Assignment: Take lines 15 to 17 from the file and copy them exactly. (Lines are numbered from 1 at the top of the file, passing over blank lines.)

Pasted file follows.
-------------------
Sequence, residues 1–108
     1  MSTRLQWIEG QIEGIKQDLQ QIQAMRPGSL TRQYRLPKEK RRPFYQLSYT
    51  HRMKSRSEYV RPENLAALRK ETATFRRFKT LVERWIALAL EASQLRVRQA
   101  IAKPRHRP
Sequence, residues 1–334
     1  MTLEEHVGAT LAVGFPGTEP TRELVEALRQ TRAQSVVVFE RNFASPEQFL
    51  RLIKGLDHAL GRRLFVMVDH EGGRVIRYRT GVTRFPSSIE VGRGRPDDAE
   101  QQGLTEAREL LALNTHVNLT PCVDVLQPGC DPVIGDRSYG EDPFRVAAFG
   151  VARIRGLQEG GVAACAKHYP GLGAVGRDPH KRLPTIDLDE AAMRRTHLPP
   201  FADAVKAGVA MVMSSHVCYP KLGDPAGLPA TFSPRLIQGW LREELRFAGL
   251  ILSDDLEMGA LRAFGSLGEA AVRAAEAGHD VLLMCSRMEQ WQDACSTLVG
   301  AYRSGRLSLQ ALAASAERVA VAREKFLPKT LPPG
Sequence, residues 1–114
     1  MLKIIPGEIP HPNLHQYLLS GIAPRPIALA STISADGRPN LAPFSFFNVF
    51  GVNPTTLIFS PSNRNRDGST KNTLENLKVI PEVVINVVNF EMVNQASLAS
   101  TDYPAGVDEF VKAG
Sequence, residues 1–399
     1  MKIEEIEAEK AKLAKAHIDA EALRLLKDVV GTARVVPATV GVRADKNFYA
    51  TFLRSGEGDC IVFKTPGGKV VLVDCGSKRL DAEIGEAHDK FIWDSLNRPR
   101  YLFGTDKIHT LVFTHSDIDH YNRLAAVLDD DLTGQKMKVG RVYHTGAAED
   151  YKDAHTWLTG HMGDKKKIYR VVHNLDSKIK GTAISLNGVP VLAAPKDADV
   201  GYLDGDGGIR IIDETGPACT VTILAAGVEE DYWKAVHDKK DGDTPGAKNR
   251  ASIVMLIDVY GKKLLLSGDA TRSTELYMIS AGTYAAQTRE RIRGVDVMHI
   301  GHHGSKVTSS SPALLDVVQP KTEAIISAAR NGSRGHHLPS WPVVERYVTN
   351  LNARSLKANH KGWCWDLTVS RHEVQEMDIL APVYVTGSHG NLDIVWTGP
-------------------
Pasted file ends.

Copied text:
    51  GVNPTTLIFS PSNRNRDGST KNTLENLKVI PEVVINVVNF EMVNQASLAS
   101  TDYPAGVDEF VKAG
Sequence, residues 1–399